As I reread the post that I wrote back in February, I feel a combination of emotions. All the feelings I experienced on that day have resurged. Additionally, I feel embarrassed to share my deep disappointment with the internet, but I’m hoping someone else is going through that too and might feel some solidarity with me. Here’s what I’ve been up to since January:

1)      Work: My work life has continued to be overwhelming. I spend multiple weekends each month at school, and I’m coming off the heels of prom and AP testing. We are doing multiple rounds of interviews for a science department hire (I’ll write about that experience in a late post) and I’m chaperoning a student trip to Colorado this weekend. It is all way too much.

2)      At Home: My husband was recently out of town for a whole month, so the kids and I have been eating a lot of mac n cheese. We’re also currently living in the basement of our 1960s fixer while floors and a new kitchen are installed upstairs. We’re diversifying our diet by adding in some Chipotle.

3)      Job Search: I reached out to a group at a university on the other side of the country that is doing curriculum development for high school biology teachers. They’ve agreed to have me edit some neuroscience curriculum this summer on a contract basis. I’m really looking forward to it and hoping that it leads to something more long term. I applied for another job at an elite private school, had an interview and didn’t get the job (it wasn’t a good fit, and I’m not disappointed—but I do wonder if I’m just having bad luck or doing sometime wrong during the interview process).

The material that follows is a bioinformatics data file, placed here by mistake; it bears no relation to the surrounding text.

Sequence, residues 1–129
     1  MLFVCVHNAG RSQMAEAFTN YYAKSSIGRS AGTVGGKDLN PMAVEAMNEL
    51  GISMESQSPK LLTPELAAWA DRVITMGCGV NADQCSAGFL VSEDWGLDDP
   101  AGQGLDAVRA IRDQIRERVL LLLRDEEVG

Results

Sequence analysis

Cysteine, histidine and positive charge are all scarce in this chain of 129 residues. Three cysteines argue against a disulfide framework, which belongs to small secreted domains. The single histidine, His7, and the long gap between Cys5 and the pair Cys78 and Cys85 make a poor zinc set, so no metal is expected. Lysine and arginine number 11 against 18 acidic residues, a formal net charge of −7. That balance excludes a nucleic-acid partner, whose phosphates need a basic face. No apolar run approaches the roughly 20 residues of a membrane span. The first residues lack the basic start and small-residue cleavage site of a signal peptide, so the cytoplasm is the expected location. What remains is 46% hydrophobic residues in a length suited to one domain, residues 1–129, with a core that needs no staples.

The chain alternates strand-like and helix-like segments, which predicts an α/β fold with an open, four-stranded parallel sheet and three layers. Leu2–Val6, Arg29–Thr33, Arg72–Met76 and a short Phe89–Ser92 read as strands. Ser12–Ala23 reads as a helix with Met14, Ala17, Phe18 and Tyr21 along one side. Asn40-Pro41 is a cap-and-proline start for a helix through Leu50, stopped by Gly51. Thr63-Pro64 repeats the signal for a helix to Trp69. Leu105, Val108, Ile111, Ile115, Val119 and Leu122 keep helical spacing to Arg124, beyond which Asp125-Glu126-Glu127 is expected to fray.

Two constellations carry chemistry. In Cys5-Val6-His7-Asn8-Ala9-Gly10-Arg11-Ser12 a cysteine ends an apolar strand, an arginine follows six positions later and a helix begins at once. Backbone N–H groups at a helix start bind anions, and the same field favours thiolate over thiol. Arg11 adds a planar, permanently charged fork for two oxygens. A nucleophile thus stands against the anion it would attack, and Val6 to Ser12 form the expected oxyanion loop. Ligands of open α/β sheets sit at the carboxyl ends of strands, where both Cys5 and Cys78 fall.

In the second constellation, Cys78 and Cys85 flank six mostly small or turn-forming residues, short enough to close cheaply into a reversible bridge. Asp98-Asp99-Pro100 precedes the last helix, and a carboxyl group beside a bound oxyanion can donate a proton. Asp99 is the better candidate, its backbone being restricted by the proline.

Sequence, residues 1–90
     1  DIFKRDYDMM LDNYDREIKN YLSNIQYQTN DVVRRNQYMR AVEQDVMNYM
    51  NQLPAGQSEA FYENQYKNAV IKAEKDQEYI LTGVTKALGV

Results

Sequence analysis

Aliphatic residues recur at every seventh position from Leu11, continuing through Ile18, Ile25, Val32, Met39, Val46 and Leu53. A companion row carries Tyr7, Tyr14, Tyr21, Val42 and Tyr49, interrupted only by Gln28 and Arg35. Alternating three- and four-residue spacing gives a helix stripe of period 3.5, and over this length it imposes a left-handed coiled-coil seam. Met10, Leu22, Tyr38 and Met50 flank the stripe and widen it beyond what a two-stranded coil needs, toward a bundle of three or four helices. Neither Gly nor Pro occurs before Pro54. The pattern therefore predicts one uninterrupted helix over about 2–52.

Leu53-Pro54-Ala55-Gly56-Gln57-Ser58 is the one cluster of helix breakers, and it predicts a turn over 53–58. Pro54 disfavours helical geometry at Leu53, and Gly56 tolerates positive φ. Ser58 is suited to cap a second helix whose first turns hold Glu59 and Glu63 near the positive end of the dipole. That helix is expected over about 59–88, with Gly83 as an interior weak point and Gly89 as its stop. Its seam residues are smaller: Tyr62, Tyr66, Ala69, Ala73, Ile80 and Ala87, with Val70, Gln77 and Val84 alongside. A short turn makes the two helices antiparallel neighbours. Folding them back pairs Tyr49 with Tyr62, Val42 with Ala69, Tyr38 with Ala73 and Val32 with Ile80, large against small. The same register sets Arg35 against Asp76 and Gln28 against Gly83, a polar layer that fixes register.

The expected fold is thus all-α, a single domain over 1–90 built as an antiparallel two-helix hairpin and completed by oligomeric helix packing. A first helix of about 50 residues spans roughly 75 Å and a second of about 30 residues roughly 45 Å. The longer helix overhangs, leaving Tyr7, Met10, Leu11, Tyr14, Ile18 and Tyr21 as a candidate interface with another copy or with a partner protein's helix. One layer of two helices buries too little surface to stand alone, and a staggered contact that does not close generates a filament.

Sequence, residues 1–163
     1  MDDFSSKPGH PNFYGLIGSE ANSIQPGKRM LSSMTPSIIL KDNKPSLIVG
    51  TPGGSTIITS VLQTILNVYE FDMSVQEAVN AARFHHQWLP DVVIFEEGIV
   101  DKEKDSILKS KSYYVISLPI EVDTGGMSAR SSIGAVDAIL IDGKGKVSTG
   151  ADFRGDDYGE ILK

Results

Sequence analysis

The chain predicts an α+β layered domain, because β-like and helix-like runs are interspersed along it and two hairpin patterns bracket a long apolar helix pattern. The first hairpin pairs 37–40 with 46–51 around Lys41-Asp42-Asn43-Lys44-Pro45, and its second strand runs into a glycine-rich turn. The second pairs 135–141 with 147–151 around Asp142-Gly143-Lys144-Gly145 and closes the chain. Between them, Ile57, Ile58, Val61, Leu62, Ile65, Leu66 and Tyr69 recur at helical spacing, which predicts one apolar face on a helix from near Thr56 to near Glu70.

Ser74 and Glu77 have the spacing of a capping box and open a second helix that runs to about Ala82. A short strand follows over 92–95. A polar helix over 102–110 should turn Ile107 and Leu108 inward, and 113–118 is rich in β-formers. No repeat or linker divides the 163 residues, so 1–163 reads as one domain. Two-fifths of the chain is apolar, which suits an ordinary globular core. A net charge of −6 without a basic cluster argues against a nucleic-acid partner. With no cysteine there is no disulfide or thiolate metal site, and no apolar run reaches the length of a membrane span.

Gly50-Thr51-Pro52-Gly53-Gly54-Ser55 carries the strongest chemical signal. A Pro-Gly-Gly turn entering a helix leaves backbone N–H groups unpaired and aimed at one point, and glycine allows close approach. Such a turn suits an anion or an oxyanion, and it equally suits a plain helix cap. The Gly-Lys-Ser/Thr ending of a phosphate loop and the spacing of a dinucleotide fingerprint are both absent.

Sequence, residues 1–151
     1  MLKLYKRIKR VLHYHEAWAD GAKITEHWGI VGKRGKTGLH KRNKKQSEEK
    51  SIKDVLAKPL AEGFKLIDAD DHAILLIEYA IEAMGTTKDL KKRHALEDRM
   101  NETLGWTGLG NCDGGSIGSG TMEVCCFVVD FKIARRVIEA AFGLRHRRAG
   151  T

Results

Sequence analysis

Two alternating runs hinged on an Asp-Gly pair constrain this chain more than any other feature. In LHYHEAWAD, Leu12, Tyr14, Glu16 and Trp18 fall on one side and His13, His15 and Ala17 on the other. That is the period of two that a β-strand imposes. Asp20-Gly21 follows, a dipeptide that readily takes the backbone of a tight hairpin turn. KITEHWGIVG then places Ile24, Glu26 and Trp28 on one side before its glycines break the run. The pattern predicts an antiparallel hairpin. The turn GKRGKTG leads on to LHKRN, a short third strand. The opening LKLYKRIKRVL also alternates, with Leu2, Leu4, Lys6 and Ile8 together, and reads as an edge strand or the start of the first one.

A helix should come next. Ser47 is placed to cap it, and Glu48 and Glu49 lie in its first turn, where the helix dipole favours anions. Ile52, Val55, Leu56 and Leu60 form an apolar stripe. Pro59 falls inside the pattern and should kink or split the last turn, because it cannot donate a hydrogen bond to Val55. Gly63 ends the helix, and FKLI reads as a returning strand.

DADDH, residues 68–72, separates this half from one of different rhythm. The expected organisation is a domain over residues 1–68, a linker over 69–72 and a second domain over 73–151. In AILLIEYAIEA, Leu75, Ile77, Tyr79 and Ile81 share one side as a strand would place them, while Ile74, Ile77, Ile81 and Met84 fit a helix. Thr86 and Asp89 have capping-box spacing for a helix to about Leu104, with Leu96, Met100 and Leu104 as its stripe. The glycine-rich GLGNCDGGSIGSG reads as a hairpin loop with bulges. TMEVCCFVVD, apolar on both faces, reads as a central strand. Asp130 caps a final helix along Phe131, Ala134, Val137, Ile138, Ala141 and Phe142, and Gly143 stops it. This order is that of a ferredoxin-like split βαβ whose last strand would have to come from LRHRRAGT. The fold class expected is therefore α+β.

4)      Discernment: I am meeting with a career counselor that was recommended to me today, and I’m hopeful that she will help me figure out both what exactly I want, and why I’m struggling to land a new job.

I think the truth is probably that I want it both ways: I want to work part time, see my kids amply and have time for my life. I also want a fulfilling career with forward momentum, prestige and an adequate paycheck. So maybe I’m chasing a unicorn? I’ve not yet decided if it’s a worthwhile pursuit.

 

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6 Responses to On Rejection

  1. nafisajadavji says:

    Thanks for writing about this and sharing your experience.

    Like

  2. Thanks for sharing your experience.

    Like

  3. It’s so helpful for me to hear that career dissatisfaction and chasing that unicorn can persist even when your kids are older, and that I’m not necessarily just going through a phase because I just had my first baby.

    Way to respond so constructively to that heavy disappointment in January. You’ve taken some significant steps toward your next position and environment while completing some major events at your current position. While parenting solo for a month. Holy moly, and great job!

    Like

  4. Megan says:

    This is such a fantastic post. So brave 🙂
    It sure looks like your current job is demanding way too much of you (or anyone– I love teaching and science but I couldn’t commit that many evening and weekend hours to either). Is there any way to renegotiate your responsibilities? I’m sure that they would hate to lose you but at the same time it’s clearly not a good fit for this time of your life. In other words, is there any way to turn your current horse into a unicorn? Is there anything to lose by trying?

    Like

    • notarealteachers says:

      This is a question I’ve thought about many times in bed at night (usually ends with me popping a unisom :). The problem is, I can’t really figure out what I could ask for: many of the weekend/evening obligations are contractual, and everyone is required to do them. I’ve thought of asking for fewer classes, but that would come with an accompanying reduction in pay, and the cost of daycare doesn’t make that feasible for us.

      If I had family in this area that could help out with kids, I think it would be easier. But I just hate relying on full time daycare PLUS babysitters so frequently. Keep the suggestions coming, though. I’m all ears!

      Like

  5. Pingback: What scientists inspire you? | A Portrait of the Scientist as a Young Woman